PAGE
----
By Eric Wilson-Edge
Keith Edgerton is going blind. Doctors told him he’d likely lose all vision by the age of 70. Edgerton and his brother were born with an eye disease called retinitis pigmentosa in which the rods and cones degrade over time. “We lost 60 million to 120 million rods at age three,” says Edgerton.
Edgerton is 44. He is married with two daughters and a stepson. He has a degree in architecture and is an avid outdoorsman. Edgerton works as the Sustainability Coordinator at Providence St. Peter’s Hospital.
We meet at his office. It’s windowless and painted the standard blah color of most hospital interiors. Edgerton does his best to cheer up the place. Nature scenes and pictures of his family adorn the walls.
“The way this disease works is that you end up getting blind spots in your peripheral vision and those blind spots just keep getting bigger,” says Edgerton. Keith is legally blind, has been for almost ten years. “My central vision is great. It’s clear, crisp and has good color.”
Edgerton no longer drives. If he needs to go somewhere he takes the bus or rides his bike. Riding a bike is dangerous even if you have perfect vision. Edgerton acknowledges the difficulty. If he rides to work he takes the same route. Independence and normalcy are important to Keith. He says, “vision is not going to define me.”
Edgerton didn’t always feel this way. “Becoming legally blind was devastating.” Edgerton prides himself on knowing. He knew in high school that he wanted to be an architect. “This was the first time in my life where I didn’t know.”
Keith hid his disease for years. He’d come up with a quick excuse if he bumped into something or someone. Doubts piled up in his mind. Would he be able to work? Play sports? How would he get around? “I was angry about it and that wasn’t fun,” says Edgerton.
A year after he was declared legally blind Edgerton and wife divorced. They sold their home and Keith moved closer to town. He started to acknowledge his limitations and doing so opened up new opportunities. “I think what happens when you start to accept what you’ve got, whatever life gives you then you can actually figure out how your life’s going to work.”
In the video Keith slowly veers to the left. He ends up with one foot in the street before he makes a course correction. The cane helps him find his way back. Edgerton is taking part in mobility training through the Washington State Department of Services for the Blind (WDSSB).
Penny Armstrong is a Mobility Specialist with the WDSSB. “It’s my job to help Keith gain as much independence as he can with his vision loss,” says Armstrong, who noted that Edgerton gave her permission to speak about his case.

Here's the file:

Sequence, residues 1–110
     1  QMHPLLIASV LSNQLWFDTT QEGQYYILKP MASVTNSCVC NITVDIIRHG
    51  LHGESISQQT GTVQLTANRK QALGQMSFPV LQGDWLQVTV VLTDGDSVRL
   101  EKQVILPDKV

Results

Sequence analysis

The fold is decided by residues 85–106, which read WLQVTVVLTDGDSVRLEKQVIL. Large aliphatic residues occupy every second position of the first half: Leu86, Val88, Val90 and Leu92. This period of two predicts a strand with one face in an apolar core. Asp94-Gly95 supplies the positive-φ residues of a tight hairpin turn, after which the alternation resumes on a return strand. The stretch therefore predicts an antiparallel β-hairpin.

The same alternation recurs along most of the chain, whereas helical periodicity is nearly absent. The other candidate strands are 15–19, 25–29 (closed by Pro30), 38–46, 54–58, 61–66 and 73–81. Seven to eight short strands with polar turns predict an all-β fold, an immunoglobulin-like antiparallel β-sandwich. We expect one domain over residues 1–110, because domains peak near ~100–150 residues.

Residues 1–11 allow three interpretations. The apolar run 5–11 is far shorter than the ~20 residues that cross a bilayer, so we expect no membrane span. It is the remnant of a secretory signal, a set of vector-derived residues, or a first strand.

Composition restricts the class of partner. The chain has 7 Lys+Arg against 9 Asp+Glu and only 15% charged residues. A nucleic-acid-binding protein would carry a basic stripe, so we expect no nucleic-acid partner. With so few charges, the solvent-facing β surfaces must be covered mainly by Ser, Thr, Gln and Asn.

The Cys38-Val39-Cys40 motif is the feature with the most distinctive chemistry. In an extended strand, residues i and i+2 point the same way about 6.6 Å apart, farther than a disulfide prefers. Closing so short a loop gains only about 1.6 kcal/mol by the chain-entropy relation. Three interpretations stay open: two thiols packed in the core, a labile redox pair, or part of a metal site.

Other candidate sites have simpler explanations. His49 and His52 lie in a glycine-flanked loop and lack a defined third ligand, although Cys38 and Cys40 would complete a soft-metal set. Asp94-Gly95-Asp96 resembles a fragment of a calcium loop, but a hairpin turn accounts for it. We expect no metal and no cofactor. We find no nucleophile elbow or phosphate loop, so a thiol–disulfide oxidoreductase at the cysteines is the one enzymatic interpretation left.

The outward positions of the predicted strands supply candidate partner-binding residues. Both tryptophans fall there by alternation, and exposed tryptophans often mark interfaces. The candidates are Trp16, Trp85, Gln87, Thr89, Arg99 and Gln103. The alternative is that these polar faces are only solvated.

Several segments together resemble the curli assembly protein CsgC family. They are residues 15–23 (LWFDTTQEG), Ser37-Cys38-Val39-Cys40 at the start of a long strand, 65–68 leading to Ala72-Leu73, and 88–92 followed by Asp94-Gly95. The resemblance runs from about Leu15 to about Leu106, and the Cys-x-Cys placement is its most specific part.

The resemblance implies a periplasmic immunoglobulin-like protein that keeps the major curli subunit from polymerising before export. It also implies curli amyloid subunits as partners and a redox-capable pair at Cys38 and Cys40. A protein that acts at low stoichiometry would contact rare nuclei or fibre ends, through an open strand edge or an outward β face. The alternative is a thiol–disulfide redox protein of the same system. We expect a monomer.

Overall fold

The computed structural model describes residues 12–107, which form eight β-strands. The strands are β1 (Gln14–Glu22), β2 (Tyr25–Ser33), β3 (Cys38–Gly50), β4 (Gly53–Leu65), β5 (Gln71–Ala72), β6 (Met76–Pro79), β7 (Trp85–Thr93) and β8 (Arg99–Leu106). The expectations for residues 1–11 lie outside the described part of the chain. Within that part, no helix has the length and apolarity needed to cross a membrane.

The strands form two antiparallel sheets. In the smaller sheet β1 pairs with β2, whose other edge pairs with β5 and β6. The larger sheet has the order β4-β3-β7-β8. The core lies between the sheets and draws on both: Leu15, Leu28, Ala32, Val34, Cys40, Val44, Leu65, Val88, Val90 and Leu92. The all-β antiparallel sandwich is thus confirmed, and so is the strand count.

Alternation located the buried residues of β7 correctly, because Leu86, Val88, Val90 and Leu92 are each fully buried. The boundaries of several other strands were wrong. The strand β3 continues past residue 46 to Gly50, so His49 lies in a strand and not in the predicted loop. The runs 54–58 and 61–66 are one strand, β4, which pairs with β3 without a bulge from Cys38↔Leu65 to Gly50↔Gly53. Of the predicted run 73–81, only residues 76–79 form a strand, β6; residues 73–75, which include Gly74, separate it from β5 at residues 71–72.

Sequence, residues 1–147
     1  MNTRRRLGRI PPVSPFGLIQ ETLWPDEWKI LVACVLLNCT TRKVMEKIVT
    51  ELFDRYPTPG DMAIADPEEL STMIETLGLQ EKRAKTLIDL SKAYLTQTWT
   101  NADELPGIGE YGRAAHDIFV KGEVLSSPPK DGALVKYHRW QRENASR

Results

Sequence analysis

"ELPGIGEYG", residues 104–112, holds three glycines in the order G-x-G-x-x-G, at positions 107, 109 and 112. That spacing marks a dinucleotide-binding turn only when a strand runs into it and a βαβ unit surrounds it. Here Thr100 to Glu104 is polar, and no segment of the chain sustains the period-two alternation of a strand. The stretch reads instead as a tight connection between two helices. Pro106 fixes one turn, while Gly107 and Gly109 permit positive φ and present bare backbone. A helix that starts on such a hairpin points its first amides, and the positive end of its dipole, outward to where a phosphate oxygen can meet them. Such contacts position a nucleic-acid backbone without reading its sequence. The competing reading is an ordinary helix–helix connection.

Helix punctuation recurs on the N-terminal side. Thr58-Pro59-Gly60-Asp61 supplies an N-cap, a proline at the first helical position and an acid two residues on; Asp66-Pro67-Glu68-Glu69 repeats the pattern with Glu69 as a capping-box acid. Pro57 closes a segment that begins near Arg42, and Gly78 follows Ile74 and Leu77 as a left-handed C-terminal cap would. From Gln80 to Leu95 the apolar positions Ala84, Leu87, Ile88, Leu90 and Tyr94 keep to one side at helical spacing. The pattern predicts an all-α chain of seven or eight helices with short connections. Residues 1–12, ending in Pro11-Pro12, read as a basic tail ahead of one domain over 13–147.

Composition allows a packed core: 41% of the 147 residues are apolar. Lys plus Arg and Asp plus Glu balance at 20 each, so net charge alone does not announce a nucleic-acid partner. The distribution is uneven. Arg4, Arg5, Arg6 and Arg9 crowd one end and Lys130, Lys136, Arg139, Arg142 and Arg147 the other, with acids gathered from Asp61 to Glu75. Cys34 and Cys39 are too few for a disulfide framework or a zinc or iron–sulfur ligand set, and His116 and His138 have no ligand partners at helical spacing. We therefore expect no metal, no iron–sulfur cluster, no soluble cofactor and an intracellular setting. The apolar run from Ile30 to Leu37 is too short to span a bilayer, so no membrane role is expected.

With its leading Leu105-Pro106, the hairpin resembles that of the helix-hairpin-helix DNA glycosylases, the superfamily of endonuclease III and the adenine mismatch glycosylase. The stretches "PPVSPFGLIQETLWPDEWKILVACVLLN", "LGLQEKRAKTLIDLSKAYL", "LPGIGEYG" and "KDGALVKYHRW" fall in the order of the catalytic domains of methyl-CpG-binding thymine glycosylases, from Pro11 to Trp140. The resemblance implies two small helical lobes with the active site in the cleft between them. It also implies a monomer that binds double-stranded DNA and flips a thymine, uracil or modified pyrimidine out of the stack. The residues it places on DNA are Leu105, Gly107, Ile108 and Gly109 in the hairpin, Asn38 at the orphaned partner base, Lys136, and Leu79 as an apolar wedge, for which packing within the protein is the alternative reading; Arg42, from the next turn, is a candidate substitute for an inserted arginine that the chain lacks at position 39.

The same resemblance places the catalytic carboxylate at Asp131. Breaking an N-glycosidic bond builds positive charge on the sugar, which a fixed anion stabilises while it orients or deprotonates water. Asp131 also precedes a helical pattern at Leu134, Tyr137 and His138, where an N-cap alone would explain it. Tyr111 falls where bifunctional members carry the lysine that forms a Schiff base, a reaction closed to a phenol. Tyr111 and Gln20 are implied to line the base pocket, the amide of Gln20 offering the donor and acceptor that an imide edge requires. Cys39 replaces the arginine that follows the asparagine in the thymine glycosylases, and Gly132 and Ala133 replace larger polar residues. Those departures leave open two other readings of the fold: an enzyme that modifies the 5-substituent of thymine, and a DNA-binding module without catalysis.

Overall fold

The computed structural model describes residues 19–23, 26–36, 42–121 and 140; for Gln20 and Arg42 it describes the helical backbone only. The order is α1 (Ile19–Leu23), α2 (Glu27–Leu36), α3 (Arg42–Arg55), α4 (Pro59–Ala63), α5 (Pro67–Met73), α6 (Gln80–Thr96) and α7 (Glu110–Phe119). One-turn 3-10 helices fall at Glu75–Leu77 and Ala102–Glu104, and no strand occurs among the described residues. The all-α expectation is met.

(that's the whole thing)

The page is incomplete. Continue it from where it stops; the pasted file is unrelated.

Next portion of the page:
This means grabbing a cane and a pair of occluded sunglasses and going out into the world. “He has no vision when he puts those glasses on,” says Armstrong. “He has to start relying on his other senses including information that’s transferred from the tip of the cane to the grip of the cane.”
Edgerton’s sessions are one to two hours long. They range from relatively easy tasks like crossing a street in a quiet neighborhood to navigating the busiest intersections in town. Armstrong acts as a coach. She helps Keith analyze his environment. “One of the first things we do is stand on the corner and just listen to traffic,” says Armstrong.
Listening provides several clues including which lanes of traffic are moving and how fast they’re going. Subtle dips in the payment can be felt by the cane and by muscles in the hand. “Mobility training is intense but I look forward to it,” says Edgerton. “I’m more mobile, more independent. It’s taken away the fear.”
Edgerton is remarried. His daughters know what’s happening but they don’t seem worried. “We still live the same life but it takes more planning and forethought,” says Edgerton.
Keith has embraced help from friends and family, something he used to avoid. He now understands that helping is just something you do when you care. “Going through this has really forced me to enjoy life,” says Edgerton. “It’s humbled me, made me more compassionate. I have a lot more space for people going through their own stuff.”
Edgerton has also found an outlet. He started his own blog. In it, he chronicles his experience with retinitis pigmentosa. The posts are cathartic and helpful. They’re a life preserver for anyone who is struggling to stay afloat. “I really think that most people rise to the occasion,” says Edgerton.
Keith Edgerton is going blind. I think he’s seeing pretty clearly.